This year marks the 10th World Day for Decent Work on October 7. A day when working people and their unions, backed by community groups, ngos, faith groups and others, push the case for decent jobs – jobs that provide a living wage and the fundamental worker’s rights which have lifted hundreds of millions out of poverty and been the foundation of prosperity for so many.
This year’s World Day takes place against a background of rising insecurity and levels of inequality that are simply staggering. The ITUC’s 2017 Global Poll showed that 84% of people believe that the minimum wage in their country is too low to guarantee a decent life, and that 71% of people want their government to work towards a pay rise for all workers. Of the 60% of workers who have an employment contract of some sort, the majority are in precarious employment or have a justified fear of unemployment just around the corner.
The rules of the global economy are rigged against those who have to work to earn a living, and in favour of multinational corporations and the ultra-rich.
It is no accident that, as Oxfam has revealed, the richest 1% own more wealth than the rest of humanity combined. This is inequality by design. The world is facing a huge decent work deficit, and the rules of the global economy need to change.
The global supply chain model of today is failing to deliver decent jobs and prosperity. Analysis of the workforce in the supply chains of 50 of the world’s largest multinational companies shows that just 6% of that workforce is directly employed. The rest, a “hidden workforce” of 94%, are in frequently precarious and underpaid jobs in a myriad of subcontracting arrangements, with CEOs of the big companies often taking little or no responsibility for the people on whom their bottom line depends.
When we look at the tax affairs of those same companies, most of them are involved in offshore and other tax avoidance schemes that deprive governments of vital revenue for infrastructure, the mounting needs in the care economy and other areas of core government responsibility.
The report also looked at the gross profits of ten of the world’s best-known companies, and what it would cost them to ensure a pay rise of just US$50 per month for all the workers in their supply chains. The calculations show that a modest pay rise like this would make only the tiniest difference in the gross profit line.
For a worker in a Central American plantation, just a couple of cents more on the price of a melon means the difference between poverty and a living minimum wage.
There are signs that governments, and intergovernmental bodies, are beginning to find the courage to implement the rule of law without as well as within their borders. France has introduced a “vigilance” law that requires French multinational companies to conduct due diligence in their supply chains, including on labour standards. While the enforcement provisions of the law should be stronger, it is a beginning and other governments should follow suit and take the next step on compliance. The UK government’s modern slavery act is another case where corporate responsibility is no longer being left to companies themselves to do on a voluntary and rarely effective basis. Other governments doing similar would make a dent in the tens of millions of people who are trapped in modern slavery today, many of them in global supply chains.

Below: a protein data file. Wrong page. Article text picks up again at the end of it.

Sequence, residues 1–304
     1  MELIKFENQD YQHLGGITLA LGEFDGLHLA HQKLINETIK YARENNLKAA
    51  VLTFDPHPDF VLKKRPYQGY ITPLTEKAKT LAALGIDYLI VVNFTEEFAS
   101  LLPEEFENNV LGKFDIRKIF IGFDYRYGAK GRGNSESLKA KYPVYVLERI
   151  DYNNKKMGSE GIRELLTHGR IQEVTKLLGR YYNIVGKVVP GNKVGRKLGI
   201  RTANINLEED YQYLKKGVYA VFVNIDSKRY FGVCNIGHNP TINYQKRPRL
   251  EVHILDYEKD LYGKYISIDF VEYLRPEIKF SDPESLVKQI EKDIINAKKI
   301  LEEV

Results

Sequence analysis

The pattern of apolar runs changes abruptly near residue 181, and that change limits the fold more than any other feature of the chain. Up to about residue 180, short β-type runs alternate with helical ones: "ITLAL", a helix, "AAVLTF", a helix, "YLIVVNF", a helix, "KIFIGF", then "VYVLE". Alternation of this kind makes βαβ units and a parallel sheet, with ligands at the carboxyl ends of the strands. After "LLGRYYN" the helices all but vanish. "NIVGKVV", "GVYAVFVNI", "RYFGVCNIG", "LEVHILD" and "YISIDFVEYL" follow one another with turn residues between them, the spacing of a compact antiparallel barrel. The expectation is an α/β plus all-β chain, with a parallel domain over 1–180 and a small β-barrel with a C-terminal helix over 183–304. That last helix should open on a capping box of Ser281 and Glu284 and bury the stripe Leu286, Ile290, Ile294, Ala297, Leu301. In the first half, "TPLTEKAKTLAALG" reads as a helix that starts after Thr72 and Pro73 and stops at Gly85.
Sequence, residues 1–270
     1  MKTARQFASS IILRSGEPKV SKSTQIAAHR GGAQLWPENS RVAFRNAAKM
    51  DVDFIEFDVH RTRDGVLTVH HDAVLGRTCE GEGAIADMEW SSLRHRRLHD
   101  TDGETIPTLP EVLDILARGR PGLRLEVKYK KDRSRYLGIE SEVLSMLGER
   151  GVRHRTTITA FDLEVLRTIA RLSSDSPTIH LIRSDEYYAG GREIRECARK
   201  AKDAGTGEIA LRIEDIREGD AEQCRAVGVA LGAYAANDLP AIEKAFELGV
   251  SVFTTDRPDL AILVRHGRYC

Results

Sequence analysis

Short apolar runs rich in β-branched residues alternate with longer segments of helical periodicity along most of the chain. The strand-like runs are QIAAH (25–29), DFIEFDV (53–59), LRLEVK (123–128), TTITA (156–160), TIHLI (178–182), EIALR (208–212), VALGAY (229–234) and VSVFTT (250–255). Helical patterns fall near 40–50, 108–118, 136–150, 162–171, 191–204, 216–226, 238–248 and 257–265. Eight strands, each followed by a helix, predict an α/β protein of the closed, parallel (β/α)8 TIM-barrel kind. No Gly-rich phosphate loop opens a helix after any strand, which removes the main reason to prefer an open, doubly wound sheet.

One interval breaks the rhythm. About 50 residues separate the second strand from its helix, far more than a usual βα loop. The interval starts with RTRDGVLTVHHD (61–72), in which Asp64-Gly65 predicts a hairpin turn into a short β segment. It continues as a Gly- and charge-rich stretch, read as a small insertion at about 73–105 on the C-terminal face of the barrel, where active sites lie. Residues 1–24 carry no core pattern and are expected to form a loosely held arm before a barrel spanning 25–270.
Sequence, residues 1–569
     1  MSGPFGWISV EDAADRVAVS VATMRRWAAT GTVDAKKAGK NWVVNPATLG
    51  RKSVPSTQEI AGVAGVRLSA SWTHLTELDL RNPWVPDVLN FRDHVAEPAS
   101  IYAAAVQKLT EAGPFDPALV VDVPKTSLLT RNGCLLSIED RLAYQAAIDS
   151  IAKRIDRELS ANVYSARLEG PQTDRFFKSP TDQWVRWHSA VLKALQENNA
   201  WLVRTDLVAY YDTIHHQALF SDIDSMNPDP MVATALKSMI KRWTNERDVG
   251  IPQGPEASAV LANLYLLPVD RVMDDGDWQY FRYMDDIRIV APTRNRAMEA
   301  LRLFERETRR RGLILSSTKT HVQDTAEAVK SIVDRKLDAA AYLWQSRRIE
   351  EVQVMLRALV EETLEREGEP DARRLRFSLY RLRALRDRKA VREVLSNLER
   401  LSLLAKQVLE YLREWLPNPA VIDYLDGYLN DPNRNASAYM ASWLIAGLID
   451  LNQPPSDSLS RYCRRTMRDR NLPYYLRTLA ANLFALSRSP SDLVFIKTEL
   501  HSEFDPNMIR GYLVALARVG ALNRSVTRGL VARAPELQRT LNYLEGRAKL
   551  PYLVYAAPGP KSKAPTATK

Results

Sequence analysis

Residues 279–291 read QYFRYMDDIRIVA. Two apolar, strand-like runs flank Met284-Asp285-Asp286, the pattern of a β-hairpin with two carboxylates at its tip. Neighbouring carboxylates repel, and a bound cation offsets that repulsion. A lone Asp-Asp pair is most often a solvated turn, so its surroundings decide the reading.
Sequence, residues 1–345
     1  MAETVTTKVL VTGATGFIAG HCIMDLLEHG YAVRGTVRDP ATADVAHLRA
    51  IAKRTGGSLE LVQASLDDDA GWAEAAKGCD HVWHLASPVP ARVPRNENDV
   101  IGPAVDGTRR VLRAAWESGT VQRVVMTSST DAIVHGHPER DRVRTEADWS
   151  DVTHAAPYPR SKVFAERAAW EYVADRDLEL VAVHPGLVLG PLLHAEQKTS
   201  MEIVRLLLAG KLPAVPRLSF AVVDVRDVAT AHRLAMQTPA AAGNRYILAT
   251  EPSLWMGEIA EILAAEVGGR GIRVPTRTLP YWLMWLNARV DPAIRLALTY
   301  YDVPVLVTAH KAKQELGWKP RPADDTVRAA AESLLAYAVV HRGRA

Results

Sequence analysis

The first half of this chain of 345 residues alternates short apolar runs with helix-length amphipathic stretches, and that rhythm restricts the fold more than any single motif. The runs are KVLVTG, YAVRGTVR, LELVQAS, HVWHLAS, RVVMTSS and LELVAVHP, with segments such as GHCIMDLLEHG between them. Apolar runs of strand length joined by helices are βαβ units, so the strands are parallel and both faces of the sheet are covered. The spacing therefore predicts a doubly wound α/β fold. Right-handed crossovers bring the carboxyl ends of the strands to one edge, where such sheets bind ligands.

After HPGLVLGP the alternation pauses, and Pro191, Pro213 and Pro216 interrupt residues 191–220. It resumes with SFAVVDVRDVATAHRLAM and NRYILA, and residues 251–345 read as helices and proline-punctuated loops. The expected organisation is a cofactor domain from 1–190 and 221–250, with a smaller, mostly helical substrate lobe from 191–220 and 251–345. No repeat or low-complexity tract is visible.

Under Germany’s Presidency this year, the Labour Ministers took an important step in their declaration, endorsed by the G20 leaders, when they concluded that “We emphasise that violations of decent work and fundamental principles and rights at work cannot be part of the competition” – part of a broader agenda to clean up the world’s supply chains, and to ensure that minimum wages are sufficient for a decent life. This fits with the decent work benchmark in the UN’s Sustainable Development Goals, and is indeed crucial to attaining them.
The International Labour Organisation has now launched its Global Commission on the Future of Work. No doubt much of the World Economic Forum’s initiatives on the future of production and related issues will help inform the work of that Commission. Trade unions are deeply engaged in this debate, and will strive to ensure that the future of work is decent work, with the global economy serving people and delivering development and prosperity.
The Global Deal initiative, launched by Swedish Prime Minister Stefan Lofven, is a vision for a world of work based on fundamental rights and social dialogue. This is a vision that everyone should share, and we are calling on governments and companies to get on board with it. The consequences of inaction are unthinkable in a strained and fragile global order which for most people is simply not delivering enough, or anything at all.
Trade unions are optimistic by nature, and our observances of the World Day for Decent Work around the globe this Saturday will reflect frustration and anger at the state of the world of work today, and determination to organise and mobilise to change the rules of the global economy.